It is free to learn to develop apps. You need a Mac with a Intel processor (any Mac made after 2006).

 

Back to Xcode. You have a storyboard where you can look at different scenes in the app. Pixar does a storyboarding for their movies. (Note from Dave: and Hitchcock storyboarded his movies before he shot them.) Storyboarding is a great way to build an app. Storyboarding in Xcode is about 1.5 years old. You can look at your storyboard to see how your app works: the first scene comes in, then some detail, then you click on a control and go to that scene. The arrows between the scenes are called segways. Storyboards in Xcode are used for iOS apps as well as Mac apps.

 

If you know what you want your app to look like (note form Dave: and you should!), you can choose an appropriate template (tabs, game, page-based app, etc.).

 

A universal app runs on iPad and iPhone. For simplicity, Kevin picked iPhone. This iPhone project (like all projects) has some folders, but the project folders do NOT correspond to folders on your Mac hard drive. Kevin added a storyboard to the project: selected project, main storyboard. He had a lot of objects to choose from: view controller, table view controller, collection view, navigation controller, tab bar controller, page view controller, etc. He added a navigation controller for the very first scene that would show up in his app (you can see that in the storyboard). The tab bar lets you navigate between scenes.

 

He had some dental software: a client wanted to show at a trade show that they had something on the iPhone. In 45 minutes, Kevin had a prototype of what the client wanted to see. Kevin didn't need to write code for that. He added a table view for a grouped look, looks like a rounded rectangle. He took out two cells to leave one (he had three cells to start). He could drag and drop controls and images, and could change the font. He started putting in addresses for title and detail in deliveries: he just copied and pasted them to make a list. When someone clicks on a cell, he wants to go to scene for more detail. So Kevin added another table view to storyboard. How do you get to the next scene in storyboard? Drag over, select push, and Xcode creates a segway between scenes and a disclosure indicator (shows that something's going to happen) and a navigation bar with a back button. This, from just from click and drag. You can select a group to do multiple sections. He ran it in the simulator: go to the next scene, navigate back and forth between scenes.

 

In the storyboard, he had two scenes and information completed: delivery list and detail.

 

These cells are templates he created. They keep the style, color, font size he picked. This is prototyping for the app. This is not throwaway stuff; you keep this work for your app.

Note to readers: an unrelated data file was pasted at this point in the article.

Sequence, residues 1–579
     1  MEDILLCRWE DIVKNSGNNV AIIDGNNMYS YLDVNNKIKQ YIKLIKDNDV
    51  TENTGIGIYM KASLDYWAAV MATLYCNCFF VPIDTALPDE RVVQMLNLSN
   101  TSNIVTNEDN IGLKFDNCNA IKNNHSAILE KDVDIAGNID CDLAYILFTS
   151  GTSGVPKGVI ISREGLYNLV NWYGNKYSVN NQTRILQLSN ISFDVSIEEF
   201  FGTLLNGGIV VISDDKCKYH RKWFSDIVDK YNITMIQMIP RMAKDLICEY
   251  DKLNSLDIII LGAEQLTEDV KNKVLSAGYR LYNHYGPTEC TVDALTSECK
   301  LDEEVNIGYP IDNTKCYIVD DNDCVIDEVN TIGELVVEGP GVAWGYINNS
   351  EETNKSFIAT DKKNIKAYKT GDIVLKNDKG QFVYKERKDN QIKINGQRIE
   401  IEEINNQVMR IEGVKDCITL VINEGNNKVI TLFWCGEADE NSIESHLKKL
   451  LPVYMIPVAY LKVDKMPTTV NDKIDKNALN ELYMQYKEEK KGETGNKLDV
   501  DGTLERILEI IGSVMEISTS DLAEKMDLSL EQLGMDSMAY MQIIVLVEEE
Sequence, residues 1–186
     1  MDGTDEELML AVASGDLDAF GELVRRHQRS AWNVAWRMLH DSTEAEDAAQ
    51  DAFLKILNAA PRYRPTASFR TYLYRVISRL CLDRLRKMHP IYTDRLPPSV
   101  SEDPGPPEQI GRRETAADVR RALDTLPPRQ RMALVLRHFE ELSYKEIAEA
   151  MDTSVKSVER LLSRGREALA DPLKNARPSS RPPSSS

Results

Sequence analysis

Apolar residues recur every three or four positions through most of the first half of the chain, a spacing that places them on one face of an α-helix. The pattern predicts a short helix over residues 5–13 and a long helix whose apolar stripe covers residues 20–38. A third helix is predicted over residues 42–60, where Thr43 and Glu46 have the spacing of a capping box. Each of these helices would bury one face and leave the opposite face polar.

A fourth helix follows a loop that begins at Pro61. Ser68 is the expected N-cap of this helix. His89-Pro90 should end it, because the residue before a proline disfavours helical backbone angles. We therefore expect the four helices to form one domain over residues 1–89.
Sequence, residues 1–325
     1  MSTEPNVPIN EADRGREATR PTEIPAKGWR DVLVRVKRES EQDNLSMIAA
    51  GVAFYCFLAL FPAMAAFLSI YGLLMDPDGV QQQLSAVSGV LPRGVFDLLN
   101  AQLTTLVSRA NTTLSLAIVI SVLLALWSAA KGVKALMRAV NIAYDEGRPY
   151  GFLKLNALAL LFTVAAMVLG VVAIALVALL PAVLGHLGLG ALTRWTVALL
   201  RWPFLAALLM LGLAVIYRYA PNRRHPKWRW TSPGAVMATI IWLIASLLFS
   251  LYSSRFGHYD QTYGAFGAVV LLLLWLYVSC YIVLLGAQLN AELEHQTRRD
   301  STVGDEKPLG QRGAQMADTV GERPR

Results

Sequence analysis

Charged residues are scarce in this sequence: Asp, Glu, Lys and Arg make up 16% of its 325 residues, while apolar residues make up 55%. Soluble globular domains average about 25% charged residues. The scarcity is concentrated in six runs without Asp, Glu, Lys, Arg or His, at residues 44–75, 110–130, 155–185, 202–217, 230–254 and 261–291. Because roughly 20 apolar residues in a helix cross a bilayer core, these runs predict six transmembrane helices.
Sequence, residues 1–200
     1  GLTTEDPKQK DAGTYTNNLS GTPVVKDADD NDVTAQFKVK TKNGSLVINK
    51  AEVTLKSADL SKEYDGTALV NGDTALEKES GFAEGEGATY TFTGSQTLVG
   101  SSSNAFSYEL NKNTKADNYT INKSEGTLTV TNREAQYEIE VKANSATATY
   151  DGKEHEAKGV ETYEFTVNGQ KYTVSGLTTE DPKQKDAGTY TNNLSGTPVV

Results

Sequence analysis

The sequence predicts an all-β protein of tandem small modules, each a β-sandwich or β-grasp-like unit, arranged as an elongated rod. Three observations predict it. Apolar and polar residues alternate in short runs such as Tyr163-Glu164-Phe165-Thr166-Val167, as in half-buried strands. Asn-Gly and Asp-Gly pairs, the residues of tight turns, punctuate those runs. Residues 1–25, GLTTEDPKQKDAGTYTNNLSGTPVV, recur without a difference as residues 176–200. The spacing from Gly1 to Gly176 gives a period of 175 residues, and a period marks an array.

Kevin added a regular view controller. Users can launch a map with their location on it. He ran the app in the simulator, clicked on an address, and got a map view.

 

He put in a toolbar. He dragged the map view up, and added (dragged in) a tool bar object. He wanted a partial curl transition to match the button he created. In the view controller, he added what we are segwaying to.

 

He wrote zero code for what he did so far.

 

Kevin discussed visualizing the code with objects. He showed objects for a card game: a dealer, a deck, and a player. Think about the objects that you need to create in the app. Model real world objects. The dealer has behavior: open deck, shuffle deck, cut the deck, deal a card. The dealer has a name and a deck. The deck has a type (pinochle, poker) and cards. A card has a name, suit, and rank (the ace value, for example). A player had a name and a hand. A hand has cards, and takes a card, etc. A dealer has a lot of the behavior of a player: take a card, play a card. So you think about class and sub-class for dealer and player. A dealer is a specialized player. Kevin demoed the app in simulator. He picked a card. He clicked a segway (flip button) to see the card. There are 52 images for cards. A card has a name and image.

 

He showed the underlying code for create dealer, tap button, deal card to player, player shows last card. He showed more advanced programming debugging, as in breakpoints, where you step though and stop in your code.

 

In Q&A, Kevin said you can make an app, but you have to pay the Apple developer fee to get the app on a device. It is $99/year to join the developer program.

 

Dave Strom, SMUG Vice-President

 

P.S. If you're interested in learning more, Kevin has a class in April - you can get $300 off the class with promo code SMG300.



All in the Redwood Room at SLAC - February 4th, 2013.
Steve Bellamy
SMUG President